Fearing and glowing is what Transfiguration Sunday is about. Tomorrow, 27 February 2022, is Transfiguration Sunday. On this day, we remember the time Jesus went up a mountain and was “transfigured.”
The lectionary readings for Transfiguration Sunday this year are
Psalm 99 (a call to exalt the Lord for his holiness and his commitment to justice and equality for all).
Exodus 34:29-35 (the glowing of Moses face after he meets with God and receives the ten commandments).
2 Corinthians 3:12-4:2 (the Apostle Paul’s interpretation of the glowing of Moses face).
Luke 9:28-36 (Luke’s account of the ‘glowing’ of Jesus on the mountain, his conversation with Moses and Elijah, and the commendation and command of God about Jesus).
The passages are clearly connected by the holiness or “wholly otherness” of God, his concern and plans for mankind.
In this article, I’ll focus on the glowing of Moses face after his second trip up the mountain to meet God. I’ll explain why I think fearing and glowing is what Transfiguration Sunday is about.
Why on the mountain?
Because of the holiness, “wholly otherness,” or separation of God from us. He’s the creator; we, the created. He made us to follow the purposes of His heart. Because of sin, we follow our own purposes. But He longs for us to return to His ways. He constantly tells us so and shows us how. Prolonged reflection on ‘distance’ must precede meetings with God.
In a class on nuclear radiation, my lecturer told us about clocks with hands that glowed because they were painted with radioactive paint. Then he asked if anyone was from the city of Aberdeen. After some raised their hands, he said “notice how their faces glow.” (It was a joke; he made it up. Aberdeen is a city built on rocks rich in radium, so it has higher background radioactivity than the national average.) His point was that if you’re exposed to radioactivity, you’ll become radioactive, and people will know. Similarly, if you’re exposed to God, people will know.
Why no glow the first time?
The first time Moses went to receive the Ten Commandments is described in Exodus 24. We are told the “glory of the LORD,” which was “like a devouring fire,” (verse 17) covered Mount Sinai (verse 15) and was seen by all the people. We are told Moses entered the cloud, went up the mountain and stayed there forty days and nights (verse 18). The next seven chapters tell us that God gave him instructions about the Ark of the Covenant, the Tabernacle, the Offerings, priestly garments, and lots more. And then, in chapter 32, he comes down. But he wasn’t glowing. He was glowering. He was in a fury. He had on the angry face of God.
Why did Moses’ glower?
Exodus 32 records one of the saddest events in the life of the Israelites, the descendants of Abraham, Isaac and Jacob. When their leader Moses, the one who, under God, had led them out of Egypt, was away for 40 days, they turned to idolatry. They made a god after their own design. They contributed their wealth and made a golden calf. They treated that object as if it had power and deserved credit for the work of God. It was the great apostasy. It called forth the anger of God – who told Moses about it – and the fury of Moses. Moses responded by pleading with God and by punishing the wrongdoers.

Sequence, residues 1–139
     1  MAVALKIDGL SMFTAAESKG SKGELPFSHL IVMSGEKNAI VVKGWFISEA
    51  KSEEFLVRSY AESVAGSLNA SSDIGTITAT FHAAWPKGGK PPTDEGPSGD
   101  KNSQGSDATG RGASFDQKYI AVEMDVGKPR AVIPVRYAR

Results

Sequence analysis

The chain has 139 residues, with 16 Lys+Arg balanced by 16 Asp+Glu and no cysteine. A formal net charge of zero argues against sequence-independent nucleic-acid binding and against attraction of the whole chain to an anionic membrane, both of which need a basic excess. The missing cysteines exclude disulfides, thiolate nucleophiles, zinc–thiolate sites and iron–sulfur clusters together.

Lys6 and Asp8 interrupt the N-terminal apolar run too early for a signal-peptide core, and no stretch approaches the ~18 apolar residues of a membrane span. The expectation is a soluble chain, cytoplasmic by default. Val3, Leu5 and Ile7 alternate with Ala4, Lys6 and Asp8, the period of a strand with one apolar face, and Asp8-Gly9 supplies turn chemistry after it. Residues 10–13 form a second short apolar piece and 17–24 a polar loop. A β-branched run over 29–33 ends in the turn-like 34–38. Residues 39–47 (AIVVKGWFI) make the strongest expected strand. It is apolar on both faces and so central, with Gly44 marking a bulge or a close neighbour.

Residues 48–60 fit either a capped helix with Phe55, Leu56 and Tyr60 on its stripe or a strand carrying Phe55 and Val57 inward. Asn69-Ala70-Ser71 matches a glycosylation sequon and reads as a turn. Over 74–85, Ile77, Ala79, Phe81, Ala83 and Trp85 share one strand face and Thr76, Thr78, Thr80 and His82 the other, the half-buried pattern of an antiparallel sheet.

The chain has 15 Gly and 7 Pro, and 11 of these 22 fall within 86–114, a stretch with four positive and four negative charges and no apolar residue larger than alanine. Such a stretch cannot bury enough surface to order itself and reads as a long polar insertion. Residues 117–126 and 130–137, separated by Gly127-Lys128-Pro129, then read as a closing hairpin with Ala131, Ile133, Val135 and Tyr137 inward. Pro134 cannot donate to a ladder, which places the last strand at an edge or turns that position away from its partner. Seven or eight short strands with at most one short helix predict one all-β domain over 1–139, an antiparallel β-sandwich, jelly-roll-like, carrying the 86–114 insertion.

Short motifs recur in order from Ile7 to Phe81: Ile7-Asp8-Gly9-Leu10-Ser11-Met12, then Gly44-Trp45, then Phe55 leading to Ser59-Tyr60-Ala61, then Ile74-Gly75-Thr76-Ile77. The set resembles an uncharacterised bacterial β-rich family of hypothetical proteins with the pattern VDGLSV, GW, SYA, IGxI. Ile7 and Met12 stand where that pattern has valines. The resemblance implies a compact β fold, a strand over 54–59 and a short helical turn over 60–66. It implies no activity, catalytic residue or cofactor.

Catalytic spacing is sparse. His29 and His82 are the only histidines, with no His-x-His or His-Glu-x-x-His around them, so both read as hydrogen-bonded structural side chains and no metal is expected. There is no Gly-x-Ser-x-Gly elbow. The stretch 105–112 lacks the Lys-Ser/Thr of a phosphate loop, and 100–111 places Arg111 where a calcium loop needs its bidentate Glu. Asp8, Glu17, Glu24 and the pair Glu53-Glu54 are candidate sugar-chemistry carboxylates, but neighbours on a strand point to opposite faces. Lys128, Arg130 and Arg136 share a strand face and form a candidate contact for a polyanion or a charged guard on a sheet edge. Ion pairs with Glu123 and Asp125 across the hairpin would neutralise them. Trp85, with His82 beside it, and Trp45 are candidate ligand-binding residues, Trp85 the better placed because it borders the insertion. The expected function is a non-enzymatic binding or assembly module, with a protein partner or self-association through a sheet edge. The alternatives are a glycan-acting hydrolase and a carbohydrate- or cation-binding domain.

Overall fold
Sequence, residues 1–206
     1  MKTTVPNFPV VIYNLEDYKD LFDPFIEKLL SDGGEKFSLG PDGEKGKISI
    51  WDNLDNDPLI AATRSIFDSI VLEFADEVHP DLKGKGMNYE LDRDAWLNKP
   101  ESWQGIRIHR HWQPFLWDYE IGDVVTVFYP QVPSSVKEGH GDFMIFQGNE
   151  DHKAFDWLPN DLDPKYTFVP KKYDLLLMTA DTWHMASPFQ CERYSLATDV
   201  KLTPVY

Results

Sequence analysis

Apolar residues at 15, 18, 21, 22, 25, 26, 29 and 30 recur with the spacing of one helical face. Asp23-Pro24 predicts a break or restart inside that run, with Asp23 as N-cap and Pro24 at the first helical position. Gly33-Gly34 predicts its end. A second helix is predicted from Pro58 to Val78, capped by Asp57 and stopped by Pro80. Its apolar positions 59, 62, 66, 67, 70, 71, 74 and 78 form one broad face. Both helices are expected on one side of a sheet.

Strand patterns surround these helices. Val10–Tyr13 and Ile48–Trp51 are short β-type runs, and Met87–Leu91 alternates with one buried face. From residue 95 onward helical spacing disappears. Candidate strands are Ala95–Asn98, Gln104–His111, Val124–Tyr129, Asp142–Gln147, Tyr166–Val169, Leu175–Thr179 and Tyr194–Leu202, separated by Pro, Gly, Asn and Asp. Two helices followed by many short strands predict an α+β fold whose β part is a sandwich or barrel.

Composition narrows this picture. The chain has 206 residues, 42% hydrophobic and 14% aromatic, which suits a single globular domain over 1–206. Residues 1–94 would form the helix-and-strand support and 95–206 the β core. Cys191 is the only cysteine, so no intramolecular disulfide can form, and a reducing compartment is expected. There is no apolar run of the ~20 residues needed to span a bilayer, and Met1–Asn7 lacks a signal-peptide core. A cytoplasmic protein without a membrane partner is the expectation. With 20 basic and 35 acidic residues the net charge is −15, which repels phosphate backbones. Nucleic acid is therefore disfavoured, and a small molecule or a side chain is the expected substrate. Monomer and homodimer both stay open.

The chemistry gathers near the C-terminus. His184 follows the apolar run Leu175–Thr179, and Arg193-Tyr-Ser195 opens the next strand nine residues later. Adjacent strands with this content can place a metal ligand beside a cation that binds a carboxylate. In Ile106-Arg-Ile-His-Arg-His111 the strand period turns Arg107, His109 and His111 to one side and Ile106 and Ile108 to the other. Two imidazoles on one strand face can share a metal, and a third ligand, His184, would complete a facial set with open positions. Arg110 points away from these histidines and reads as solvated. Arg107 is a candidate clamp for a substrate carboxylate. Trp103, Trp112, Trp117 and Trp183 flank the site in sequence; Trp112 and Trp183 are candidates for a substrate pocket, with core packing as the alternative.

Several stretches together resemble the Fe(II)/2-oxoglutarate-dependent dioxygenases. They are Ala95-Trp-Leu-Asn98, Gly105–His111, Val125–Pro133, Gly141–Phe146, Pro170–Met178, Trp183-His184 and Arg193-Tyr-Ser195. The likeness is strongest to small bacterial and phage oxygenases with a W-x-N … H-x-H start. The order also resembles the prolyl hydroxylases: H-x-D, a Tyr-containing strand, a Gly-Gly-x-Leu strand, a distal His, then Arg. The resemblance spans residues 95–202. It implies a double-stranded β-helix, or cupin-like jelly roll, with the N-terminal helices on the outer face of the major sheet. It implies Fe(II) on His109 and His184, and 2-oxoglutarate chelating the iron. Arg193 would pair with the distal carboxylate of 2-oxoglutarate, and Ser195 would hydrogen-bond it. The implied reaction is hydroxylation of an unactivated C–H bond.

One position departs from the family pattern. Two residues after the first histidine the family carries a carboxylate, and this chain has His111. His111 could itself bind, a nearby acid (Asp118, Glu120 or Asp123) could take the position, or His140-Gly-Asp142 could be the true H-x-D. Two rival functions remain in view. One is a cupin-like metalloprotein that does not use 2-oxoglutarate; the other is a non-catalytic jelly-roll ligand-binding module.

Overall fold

Moses’ cleft of the rock experience
Often, when our pastors pronounce the benediction upon us, we hear the words “the Lord make his face shine upon you.” We should be in a state of stunned, trembling silence when we hear this. Why? Because of how God protected Moses before He showed Himself to him. We read this in Exodus 33:(19-23). Moses pleads for God both to continue with and to spare the Israelites. God relents and agrees. Moses asks for a sign. God hides Moses in the cleft of a rock, covers him, shows him all His goodness (glory), and promises to be gracious and merciful. That was the pre-Christ, pre-resurrection, Old Covenant faith – very different from the New, post-resurrection faith we now have: we not only safely mouth God’s name, we call Him Father!
The godly leader
Moses face shone. Shone so brightly that he had to wear a mask to avoid blinding people who approached him. It was a period when the people needed to be clear who the anointed leader was, a leader who could say what God approved and didn’t approve. But the glow faded. Because Moses, by the godly leadership he exercised, developed a new kind of glow – the glow of all who’ve met God, walk with Him and radiate Him.
Fearing and glowing is what Transfiguration Sunday is about. Tomorrow, I’ll speak on all four texts. And relate them to current events.
You may like to read also Should we wear helmets during church services in which I introduce an insight from the American writer, Annie Dillard.
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